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Jon Ben
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golden_cow2 wrote:

But if that's still not enough, I think the game would play just fine without it. I would probably let the players take 6 or 7 personal money instead of the usual 5 for getting a size-3 ship through the canal, to make up for the loss of the financial advisor option.


It gets a bit wonky if you can make more personal money during the game b/c that can be used to buy stock. It's safer to let them take the card and have it be valued at something higher than 5. If they want cash they have the 5 coin option for refusing the card.
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Mark Buetow
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Yeah, um...embargoes don't really fit with the whole theme of Panamax...
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Paul Grogan
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There's at least one other thread with a lot of comments about leaving out the financial advisor cards.

Bottom line, it works absolutely fine and is still a good game without them. Just give $5 to each player who earns one instead.

Now, there are people out there who love these cards and think the game doesn't work without them - that's their opinion of course, but I've played many games without them and it works fine.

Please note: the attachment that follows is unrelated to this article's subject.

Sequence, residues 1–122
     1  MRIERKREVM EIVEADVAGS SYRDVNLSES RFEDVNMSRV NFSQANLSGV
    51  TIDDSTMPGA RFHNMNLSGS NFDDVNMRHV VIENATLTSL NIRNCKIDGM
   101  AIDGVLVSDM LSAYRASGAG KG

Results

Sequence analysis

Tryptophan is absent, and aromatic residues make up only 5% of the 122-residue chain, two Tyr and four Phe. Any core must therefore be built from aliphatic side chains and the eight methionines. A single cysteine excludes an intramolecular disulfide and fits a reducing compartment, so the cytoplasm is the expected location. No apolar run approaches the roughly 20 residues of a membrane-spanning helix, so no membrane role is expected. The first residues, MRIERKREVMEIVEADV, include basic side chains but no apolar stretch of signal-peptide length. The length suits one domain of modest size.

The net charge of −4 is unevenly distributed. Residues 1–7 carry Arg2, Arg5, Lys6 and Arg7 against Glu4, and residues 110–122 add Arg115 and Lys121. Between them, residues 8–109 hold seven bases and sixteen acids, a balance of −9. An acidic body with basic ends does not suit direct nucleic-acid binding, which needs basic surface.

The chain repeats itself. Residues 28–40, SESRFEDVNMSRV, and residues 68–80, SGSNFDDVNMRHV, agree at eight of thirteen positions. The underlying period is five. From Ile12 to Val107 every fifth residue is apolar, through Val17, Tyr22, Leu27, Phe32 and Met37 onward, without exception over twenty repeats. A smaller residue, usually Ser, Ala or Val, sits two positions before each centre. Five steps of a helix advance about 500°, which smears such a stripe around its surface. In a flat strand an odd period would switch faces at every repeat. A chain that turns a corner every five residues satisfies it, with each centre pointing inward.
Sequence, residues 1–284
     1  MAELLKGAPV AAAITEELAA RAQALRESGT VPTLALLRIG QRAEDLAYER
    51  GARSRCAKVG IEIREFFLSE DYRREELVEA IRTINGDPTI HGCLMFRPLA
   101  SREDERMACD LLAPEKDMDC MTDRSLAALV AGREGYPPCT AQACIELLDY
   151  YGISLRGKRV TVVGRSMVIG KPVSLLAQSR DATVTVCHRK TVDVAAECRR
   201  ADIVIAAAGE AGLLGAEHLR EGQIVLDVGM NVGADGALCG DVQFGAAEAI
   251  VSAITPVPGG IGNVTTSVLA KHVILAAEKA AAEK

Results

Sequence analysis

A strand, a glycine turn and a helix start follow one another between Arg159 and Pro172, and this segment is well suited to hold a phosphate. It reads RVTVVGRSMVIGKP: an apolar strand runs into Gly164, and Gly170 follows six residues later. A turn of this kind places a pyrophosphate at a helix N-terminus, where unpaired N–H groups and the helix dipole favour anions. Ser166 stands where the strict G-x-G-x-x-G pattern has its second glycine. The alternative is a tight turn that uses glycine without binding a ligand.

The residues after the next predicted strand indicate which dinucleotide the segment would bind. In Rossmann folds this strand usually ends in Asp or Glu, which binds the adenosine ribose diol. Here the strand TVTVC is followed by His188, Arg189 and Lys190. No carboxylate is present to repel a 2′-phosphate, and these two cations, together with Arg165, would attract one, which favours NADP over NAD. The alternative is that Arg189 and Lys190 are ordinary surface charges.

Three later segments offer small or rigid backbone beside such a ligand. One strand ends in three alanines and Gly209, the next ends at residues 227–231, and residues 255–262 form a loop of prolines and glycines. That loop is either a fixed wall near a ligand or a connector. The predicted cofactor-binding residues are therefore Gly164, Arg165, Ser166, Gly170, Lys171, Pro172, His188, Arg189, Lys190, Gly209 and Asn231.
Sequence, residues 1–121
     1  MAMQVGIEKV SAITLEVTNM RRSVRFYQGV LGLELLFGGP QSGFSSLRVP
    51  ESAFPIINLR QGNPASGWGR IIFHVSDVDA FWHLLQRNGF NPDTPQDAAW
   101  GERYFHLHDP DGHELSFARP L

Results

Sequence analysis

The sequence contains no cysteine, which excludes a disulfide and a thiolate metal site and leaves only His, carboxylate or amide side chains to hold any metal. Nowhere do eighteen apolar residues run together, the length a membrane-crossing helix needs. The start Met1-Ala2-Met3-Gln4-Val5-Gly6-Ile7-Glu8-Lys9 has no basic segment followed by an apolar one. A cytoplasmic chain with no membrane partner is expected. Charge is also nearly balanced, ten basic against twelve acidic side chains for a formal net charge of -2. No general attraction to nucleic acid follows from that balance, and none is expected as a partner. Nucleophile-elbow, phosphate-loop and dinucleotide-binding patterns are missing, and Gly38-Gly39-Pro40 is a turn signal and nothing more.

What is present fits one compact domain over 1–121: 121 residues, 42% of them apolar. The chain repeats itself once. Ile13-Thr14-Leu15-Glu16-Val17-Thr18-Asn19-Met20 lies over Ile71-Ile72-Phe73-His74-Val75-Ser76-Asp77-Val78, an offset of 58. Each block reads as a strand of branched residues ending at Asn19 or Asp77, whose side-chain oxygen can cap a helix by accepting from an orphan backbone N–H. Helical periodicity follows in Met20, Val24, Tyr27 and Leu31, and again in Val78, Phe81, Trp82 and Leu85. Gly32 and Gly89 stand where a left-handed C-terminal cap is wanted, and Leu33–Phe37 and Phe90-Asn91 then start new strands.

A number of people also think it plays better with them, but I know a number of people who think it is a better game without them.

So, its up to you.
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Edward Uhler
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Another option is X amount of community cards and players can try and go after as many as they want of those community ones.
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David Larkin
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When teaching give each player one of the cards that awards points for collecting flags of one nation, don't worry explaining about the others until people are getting the hang of the game, or leave them out all together until you are ready for them
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Chris Hoboken
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I wouldn't suggest excluding the objective cards, although I don't think there's anything wrong with simply making them open knowledge. Generally by the end of the game you'll be able to deduce everyone's FA cards anyway, and there's not much to be gained from blocking rather than maximizing your own points.